For years Gallopin was on my shortlist of places to try, but I never quite made it to Le Bourse area, and the fact that it had a multi-lingual menu discouraged me from going. So when my wife, two boys and I finally went to Gallopin for a try, we were more than pleased with the result.
Since 1876 this traditional brasserie has been pleasing Parisians, but don’t be disappointed if a few tourists also show up at the door. It has outdoor white table cloth seating, and inside there is an ornate, old-fashioned bar as you enter the restaurant on your left, with a giant silver bowl filled with bottles of champagne and white wine. The restaurant has rich wood detail, gleaming brass, and large mirrors to round out the decor.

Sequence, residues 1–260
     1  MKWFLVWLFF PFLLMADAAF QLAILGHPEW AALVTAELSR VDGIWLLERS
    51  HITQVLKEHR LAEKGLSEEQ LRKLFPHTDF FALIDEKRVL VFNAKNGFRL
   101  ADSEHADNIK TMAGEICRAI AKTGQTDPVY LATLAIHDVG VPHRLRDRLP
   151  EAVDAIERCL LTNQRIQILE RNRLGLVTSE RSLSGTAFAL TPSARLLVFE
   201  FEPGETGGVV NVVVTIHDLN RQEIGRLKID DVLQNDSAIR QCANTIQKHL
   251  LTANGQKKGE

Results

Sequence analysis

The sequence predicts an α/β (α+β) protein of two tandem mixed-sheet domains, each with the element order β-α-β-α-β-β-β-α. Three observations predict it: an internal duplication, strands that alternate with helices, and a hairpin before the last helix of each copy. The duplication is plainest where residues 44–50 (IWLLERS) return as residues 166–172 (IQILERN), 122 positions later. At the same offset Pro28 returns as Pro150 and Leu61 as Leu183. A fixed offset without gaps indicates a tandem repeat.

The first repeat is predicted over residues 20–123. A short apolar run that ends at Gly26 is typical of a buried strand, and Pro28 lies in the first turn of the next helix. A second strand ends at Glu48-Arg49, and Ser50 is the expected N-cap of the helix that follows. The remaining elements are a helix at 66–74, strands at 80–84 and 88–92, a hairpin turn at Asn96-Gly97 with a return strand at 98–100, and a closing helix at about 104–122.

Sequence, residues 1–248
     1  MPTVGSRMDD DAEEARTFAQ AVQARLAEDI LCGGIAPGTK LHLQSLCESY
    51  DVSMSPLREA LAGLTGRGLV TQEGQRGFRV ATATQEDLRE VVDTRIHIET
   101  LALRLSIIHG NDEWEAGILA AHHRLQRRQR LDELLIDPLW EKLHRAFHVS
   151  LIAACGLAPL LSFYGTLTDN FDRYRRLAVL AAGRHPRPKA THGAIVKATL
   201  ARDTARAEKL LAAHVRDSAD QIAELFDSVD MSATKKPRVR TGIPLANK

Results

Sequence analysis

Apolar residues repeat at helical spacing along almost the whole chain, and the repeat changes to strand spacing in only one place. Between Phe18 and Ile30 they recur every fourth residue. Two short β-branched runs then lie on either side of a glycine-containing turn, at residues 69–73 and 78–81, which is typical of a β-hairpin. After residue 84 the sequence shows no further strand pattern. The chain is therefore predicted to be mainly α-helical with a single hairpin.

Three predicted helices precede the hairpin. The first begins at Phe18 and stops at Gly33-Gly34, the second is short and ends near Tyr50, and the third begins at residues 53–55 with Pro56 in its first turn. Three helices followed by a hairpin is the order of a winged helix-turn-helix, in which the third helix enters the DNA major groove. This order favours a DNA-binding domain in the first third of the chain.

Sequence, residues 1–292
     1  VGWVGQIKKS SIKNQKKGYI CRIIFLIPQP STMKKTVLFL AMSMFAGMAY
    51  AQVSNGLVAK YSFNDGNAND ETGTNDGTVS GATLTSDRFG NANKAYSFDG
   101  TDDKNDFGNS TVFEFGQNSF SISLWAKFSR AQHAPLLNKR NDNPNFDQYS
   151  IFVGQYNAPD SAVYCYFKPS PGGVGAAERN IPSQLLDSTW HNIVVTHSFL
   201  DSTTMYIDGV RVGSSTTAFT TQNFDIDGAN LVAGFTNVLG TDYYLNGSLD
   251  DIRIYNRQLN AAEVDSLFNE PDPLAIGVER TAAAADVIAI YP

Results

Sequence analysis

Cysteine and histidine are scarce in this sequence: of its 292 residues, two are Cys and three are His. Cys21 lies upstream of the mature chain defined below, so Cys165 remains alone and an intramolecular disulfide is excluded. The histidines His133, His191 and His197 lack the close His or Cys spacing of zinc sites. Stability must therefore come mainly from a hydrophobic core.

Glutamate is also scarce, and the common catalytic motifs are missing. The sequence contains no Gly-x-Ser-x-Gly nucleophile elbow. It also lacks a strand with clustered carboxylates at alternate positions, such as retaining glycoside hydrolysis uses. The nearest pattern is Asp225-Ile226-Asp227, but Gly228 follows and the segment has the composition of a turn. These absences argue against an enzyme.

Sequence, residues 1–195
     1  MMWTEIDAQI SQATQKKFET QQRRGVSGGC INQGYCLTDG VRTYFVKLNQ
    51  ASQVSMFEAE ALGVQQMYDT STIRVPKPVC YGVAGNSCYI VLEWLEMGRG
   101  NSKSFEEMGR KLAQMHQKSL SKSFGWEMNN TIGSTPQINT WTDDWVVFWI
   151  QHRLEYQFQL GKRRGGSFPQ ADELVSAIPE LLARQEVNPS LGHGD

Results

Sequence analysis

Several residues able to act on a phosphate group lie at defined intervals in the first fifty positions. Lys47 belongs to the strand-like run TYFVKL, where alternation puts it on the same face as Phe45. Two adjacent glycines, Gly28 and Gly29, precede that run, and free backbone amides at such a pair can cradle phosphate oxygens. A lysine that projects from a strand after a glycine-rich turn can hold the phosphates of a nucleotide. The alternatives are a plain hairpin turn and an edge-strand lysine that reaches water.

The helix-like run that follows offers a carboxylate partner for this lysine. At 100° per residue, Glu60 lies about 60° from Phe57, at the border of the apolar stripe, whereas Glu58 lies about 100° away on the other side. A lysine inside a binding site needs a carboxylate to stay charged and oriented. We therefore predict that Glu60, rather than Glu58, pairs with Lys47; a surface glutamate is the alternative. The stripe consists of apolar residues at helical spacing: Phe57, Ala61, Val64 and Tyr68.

The menu has all the classics, but no oysters were available despite Gallopin advertising itself as a place for coquillage (shellfish). Summer brasseries and restaurants only serve oysters from October through May, in part due to the fact that once late spring and summer hits, the warm temperatures can affect the shellfish unless they are constantly on ice and chilled appropriately.
We stuck with the classics – Entrecôte and frites – though my oldest son had Côte d’agneau (rack of lamb) and Pommes Purée (mashed potatoes). The beef was tender and cooked as we like it (à point). For dessert, giant portions of Baba au Rhum, Millefeuille and Crêpes Suzettes (which are flambéed tableside) are standard choices, along with an excellent Mi-cuit (chocolate gooey-cake).
Gallopin is busy during the day with bankers and reporters, and remains a reliable choice for tourists and Parisians alike.
Reservations are recommended but not required. Open seven days a week, from noon until midnight.
Address: 40 Rue Notre Dame des Victoires, Paris 75002